This is a guest blog post. Originally posted on DataVizualization.com.
Ever wanted to quickly visually share some data with your colleagues or with the world and struggled with the tools available? After sharing the data, what if the viewer wanted to zoom in on a specific location, city or town to see what's going on there.
Google Fusion Tables is a free tool to show your data on a map & allow viewers to zoom in specific areas that they want to explore further. vHomeInsurance, a data driven home insurance analysis service, has detailed location data on home insurance rates & has used their data to create a guide to use Google Fusion tables to represent home insurance rates visually on a map.
1. Google Fusion Table Home Page
To start using Google Fusion tables, one must have a Google Account. After you have created a Google account or if you have already one, go to: https://www.google.com/fusiontables/ & click on the Create a Fusion Table link to begin.
2. Get your data into Google Fusion Tables
We have three choices to import data to Google Fusion table 1) Upload a File 2) Import from Google Spreadsheets 3) Update Data from an Empty Table
For this guide, we choose the Google Spreadsheet option. Choose the Google spreadsheet you want to import data from and click Next. You can choose the other options as well and click next.
3. Naming your table & data
Once the data is imported, make sure to give the appropriate table names, your licensing attribution & other details.
4. Map the “Location” field to the appropriate column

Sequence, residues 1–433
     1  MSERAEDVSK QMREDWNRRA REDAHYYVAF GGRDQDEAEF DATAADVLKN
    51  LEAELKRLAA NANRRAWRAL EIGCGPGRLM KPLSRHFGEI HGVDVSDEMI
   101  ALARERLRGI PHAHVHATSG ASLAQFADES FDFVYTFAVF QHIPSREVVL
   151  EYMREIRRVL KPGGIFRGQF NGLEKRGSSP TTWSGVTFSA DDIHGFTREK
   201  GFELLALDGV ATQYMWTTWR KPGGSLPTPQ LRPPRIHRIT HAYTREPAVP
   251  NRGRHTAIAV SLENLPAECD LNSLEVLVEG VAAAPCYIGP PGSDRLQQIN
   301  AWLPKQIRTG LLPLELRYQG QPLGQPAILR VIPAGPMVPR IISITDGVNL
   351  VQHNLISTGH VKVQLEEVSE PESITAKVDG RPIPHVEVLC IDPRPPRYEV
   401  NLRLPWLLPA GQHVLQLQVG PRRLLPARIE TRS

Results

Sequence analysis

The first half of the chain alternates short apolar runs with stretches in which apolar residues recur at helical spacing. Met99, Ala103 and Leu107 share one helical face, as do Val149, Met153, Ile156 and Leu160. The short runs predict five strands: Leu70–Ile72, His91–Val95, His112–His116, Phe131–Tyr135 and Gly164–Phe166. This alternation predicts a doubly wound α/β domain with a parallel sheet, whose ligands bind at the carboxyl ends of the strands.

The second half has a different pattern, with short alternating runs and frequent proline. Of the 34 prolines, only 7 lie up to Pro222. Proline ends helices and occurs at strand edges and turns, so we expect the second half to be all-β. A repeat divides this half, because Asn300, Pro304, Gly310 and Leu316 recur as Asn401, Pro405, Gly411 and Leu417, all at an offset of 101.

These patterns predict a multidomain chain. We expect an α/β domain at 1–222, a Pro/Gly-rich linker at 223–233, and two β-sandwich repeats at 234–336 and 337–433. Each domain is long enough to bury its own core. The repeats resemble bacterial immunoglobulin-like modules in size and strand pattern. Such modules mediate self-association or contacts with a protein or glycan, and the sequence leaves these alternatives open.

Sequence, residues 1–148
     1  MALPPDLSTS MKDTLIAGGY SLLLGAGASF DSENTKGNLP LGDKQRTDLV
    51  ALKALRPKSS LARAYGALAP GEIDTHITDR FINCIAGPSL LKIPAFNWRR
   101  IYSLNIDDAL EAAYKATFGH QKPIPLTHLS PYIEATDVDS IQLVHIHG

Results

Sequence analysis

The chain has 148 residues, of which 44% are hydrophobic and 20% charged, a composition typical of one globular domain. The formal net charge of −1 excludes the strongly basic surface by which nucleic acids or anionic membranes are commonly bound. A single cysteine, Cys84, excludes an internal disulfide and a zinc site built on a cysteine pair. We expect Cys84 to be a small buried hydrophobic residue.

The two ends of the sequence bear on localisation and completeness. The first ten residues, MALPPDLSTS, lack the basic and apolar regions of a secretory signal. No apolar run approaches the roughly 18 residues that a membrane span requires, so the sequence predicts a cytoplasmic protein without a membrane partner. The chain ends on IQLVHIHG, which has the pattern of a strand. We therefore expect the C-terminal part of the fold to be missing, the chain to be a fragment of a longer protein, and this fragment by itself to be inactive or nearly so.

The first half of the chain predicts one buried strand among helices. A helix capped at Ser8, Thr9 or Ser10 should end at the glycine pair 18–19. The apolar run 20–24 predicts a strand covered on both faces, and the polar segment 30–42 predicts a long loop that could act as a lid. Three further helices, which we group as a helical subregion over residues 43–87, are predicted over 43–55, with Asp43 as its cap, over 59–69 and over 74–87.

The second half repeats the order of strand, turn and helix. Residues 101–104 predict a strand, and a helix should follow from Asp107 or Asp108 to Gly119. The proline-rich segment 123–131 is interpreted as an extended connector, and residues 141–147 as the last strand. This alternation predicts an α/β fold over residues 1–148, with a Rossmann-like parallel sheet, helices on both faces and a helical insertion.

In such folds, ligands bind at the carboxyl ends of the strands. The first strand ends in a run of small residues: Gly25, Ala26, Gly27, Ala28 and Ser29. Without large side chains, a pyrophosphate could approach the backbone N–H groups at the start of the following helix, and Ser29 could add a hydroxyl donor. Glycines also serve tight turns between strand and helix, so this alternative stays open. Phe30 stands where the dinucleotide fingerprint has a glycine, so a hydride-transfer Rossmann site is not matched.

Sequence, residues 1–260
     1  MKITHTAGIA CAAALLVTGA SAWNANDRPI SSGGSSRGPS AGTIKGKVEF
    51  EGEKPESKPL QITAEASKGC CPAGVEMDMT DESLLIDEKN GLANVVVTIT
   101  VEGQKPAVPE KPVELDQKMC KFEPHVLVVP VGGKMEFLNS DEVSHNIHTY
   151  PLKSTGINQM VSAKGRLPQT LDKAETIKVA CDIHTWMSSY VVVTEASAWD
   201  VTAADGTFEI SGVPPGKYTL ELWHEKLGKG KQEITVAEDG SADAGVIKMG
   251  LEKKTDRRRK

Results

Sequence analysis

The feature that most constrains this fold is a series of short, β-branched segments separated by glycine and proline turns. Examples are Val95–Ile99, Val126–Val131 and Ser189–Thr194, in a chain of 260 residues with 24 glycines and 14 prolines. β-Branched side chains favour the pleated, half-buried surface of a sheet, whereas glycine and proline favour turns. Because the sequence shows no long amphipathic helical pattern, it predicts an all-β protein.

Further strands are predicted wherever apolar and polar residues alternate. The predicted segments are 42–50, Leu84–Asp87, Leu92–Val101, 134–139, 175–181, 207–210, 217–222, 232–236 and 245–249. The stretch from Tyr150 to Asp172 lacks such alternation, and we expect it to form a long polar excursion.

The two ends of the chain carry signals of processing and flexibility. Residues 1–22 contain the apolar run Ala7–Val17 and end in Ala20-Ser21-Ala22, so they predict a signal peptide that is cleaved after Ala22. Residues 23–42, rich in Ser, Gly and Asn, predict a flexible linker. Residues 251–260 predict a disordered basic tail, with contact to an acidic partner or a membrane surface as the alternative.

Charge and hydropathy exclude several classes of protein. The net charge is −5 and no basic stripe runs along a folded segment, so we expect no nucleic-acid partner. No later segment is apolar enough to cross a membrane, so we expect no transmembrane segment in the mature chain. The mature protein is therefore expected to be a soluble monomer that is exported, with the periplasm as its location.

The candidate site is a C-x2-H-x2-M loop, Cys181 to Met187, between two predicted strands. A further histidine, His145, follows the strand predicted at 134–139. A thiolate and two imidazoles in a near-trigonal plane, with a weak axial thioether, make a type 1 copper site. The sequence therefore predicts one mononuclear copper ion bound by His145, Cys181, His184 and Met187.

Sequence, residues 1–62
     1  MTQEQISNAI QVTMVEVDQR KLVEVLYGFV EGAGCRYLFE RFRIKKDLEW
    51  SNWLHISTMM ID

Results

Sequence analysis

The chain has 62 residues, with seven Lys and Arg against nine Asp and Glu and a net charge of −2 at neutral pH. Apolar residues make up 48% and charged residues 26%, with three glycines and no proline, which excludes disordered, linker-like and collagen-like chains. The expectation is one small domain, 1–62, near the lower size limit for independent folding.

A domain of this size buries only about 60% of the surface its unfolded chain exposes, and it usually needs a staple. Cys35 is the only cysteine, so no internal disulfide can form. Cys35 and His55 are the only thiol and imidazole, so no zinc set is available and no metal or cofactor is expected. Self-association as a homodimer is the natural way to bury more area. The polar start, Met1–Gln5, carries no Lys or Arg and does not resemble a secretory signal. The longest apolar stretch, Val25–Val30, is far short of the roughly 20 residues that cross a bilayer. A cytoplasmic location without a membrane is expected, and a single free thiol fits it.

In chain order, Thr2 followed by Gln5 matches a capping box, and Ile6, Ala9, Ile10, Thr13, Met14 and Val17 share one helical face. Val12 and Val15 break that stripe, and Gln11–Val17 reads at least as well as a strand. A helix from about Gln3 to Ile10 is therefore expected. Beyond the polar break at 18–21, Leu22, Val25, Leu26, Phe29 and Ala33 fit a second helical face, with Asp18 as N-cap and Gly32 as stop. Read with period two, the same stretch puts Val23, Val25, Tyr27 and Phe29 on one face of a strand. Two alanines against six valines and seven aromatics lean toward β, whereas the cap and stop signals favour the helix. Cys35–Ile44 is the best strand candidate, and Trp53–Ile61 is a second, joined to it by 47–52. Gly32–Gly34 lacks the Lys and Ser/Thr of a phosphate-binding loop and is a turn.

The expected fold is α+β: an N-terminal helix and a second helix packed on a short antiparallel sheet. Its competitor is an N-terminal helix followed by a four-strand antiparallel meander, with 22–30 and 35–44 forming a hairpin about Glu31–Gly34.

This is where the rubber hits the road where Google Geocodes your data to know which places is where.
For Instance, if you have data on Brooklyn Homeowner Insurance rates & want to Google Maps to show it in the appropriate location, then Google Fusion tables needs to figure out the Geo-coordinates for that data. To tell Google Fusion table, which data type to geocode, we need to change the appropriate column name to “Location” type. This can be done through the following steps:
5. Show the Geocoded data on a Map
Now, we need to actually show the data on a map. To do that, click on “Add Map”. The actual Geocoding & representation may take time & depends on the number of rows in your tables.
6. Configure Your Map Markers
The default representation of a place on the map are red circles but to we need to customize it make it more meaningful. As an example, in the home insurance world, home insurance in Chicago is $888 so we have a Yellow marker for it whereas home insurance in Phoenix is cheaper at $596 and we represent that as a green marker. In the configure map section, click on Change feature styles and then configure various buckets and associated color markets for the different values.
You can see a screenshot of the finished map below.
A detailed map is available to zoom in for various home insurance rates on vHomeInsurance.
About the Author:
The vHomeInsurance team are experts in home insurance rates data analysis & research.